During almost 15 years, and flying in the face of those who expressed doubts in its early days, Bruar has become a destination in its own right – a day out from Inverness, Edinburgh, Glasgow or even further south (there are regular parties of ladies from the Lake District) – rather than a pit stop on the way to somewhere more interesting. Bang next to the Falls of Bruar and a short drive north of the Soldier’s Leap and other lovely walks and nature trails at Killiecrankie, Bruar is just the spot to get your fresh-air fix as well as your retail therapy. Time it right and you might even coincide with the Atholl Highland Games at Blair Castle.

If providing a soothing environment in which to shop – the corner with the fireplace and leather sofas is especially popular with those who just want to sit and read the papers – is half of Bruar’s successful formula, the other half rests on the skill of the buyers. Customers know that they can rely on being able to find their favourite moleskin jeans, Oxford shirts, Chrysalis tweed shooting coats, Liberty blouses, Aigle wellingtons and classic labels such as Daks Simpson; but the Bruar team has always acknowledged that you have to adapt to survive, particularly in a climate where traditional country ways of life may be under pressure. So you’ll also find bolder colours (lilac shirts and Tabasco-coloured trousers for men) and brands like Gardeur, Steilmann and the lovely Irish label Avoca adding zest to the mix.

The most recent extension is a 15,000 square foot space to accommodate a fine art gallery – featuring wildlife, floral or landscape paintings (and also sculpture) by British artists, some of them local – and a ‘country living’ department which has some inspirational ideas for gardens, kitchens, bathrooms and even kennels. “We are excited about how this will expand and develop,” comments Patrick Birkbeck, son of the founders, who as managing director has also made sure Bruar hasn’t missed the technological (and mail order) revolution.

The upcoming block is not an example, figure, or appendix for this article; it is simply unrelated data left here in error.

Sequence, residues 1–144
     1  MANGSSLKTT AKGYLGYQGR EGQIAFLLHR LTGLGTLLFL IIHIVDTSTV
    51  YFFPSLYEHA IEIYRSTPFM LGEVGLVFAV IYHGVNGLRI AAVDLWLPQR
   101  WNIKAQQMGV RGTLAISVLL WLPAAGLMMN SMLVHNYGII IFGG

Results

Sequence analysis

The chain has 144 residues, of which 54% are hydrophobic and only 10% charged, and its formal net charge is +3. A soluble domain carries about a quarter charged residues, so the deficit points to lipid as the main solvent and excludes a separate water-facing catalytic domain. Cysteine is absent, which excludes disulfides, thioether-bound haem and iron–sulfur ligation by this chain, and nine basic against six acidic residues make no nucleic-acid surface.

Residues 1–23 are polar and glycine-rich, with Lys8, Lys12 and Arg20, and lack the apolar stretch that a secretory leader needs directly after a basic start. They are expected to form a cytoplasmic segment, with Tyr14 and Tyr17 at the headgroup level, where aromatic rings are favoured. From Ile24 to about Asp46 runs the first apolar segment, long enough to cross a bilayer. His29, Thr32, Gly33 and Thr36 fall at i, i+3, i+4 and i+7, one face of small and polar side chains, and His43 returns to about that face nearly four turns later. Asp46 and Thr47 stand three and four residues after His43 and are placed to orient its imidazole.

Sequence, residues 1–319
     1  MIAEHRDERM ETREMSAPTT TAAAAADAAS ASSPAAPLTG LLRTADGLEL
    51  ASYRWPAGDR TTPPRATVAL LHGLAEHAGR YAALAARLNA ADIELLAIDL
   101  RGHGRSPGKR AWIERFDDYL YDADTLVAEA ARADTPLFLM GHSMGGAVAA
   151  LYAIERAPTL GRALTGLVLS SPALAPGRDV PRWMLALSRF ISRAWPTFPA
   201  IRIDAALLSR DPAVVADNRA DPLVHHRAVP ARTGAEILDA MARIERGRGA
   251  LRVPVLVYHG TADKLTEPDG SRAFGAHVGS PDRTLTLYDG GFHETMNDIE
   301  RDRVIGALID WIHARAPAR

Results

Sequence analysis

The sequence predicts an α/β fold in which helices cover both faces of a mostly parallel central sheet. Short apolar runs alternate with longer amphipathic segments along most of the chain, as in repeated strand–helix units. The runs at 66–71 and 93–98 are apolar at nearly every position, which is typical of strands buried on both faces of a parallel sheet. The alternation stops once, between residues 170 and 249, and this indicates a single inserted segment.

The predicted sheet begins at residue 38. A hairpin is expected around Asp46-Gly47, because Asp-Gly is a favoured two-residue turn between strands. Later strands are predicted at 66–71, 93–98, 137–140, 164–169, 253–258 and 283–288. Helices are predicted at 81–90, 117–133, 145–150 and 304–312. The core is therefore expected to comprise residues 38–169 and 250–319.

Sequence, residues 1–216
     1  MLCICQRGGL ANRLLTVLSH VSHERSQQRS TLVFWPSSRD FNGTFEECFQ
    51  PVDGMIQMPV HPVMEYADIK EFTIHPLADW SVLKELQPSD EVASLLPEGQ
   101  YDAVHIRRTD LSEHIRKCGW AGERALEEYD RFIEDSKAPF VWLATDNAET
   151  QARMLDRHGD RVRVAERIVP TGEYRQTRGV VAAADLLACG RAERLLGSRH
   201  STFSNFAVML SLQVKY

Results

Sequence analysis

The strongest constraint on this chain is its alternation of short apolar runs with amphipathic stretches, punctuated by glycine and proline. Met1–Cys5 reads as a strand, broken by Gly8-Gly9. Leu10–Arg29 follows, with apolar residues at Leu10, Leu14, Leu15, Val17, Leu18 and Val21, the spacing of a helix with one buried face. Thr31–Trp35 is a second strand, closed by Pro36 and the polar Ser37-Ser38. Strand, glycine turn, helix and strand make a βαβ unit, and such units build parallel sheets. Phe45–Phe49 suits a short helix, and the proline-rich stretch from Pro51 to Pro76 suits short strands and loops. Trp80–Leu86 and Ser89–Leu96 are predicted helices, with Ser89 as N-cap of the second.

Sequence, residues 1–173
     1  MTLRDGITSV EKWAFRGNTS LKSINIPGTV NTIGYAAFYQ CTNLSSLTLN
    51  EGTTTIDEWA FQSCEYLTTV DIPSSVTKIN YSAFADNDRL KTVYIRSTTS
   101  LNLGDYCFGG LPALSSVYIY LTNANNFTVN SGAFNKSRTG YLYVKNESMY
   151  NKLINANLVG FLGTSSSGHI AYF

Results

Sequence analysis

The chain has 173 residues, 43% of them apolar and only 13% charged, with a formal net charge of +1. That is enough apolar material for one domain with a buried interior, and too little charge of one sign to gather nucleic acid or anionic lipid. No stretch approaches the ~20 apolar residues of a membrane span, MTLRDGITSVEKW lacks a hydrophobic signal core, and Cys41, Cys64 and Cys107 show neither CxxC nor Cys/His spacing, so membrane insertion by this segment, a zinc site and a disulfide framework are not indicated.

Possibly its most significant achievement, though, has been to serve as a one-stop shop for the best of Scotland’s consumable products. Think of the venison reared in remote Highland and island estates; the fish hooked out of icy, fresh Scottish waters and processed in smokeries that are pretty much in the middle of nowhere; biscuits, jams and preserves cooked up in farmhouse kitchens and cheeses produced in diverse dairies and creameries… and you get an idea of the scale of what Bruar has done to bring Scotland’s disparate independent producers together, and to the attention of the wider world.

It’s hardly surprising to discover that Bruar has earned the trust of its customers – over a million visitors a year – to the point where it now has a healthy market in its private label products. You can get House of Bruar Champagne or classic French wines to sit alongside your Ruinart; and who wouldn’t want to try a pair of House of Bruar tartan trews?

My text correspondent didn’t; but then again, he hasn’t ruled out a return visit for some classic grey flannels.

House of Bruar by Blair Atholl, Perthshire
Tel: +44 (0)1796 483 236
Open 365 days a year,9am-5pm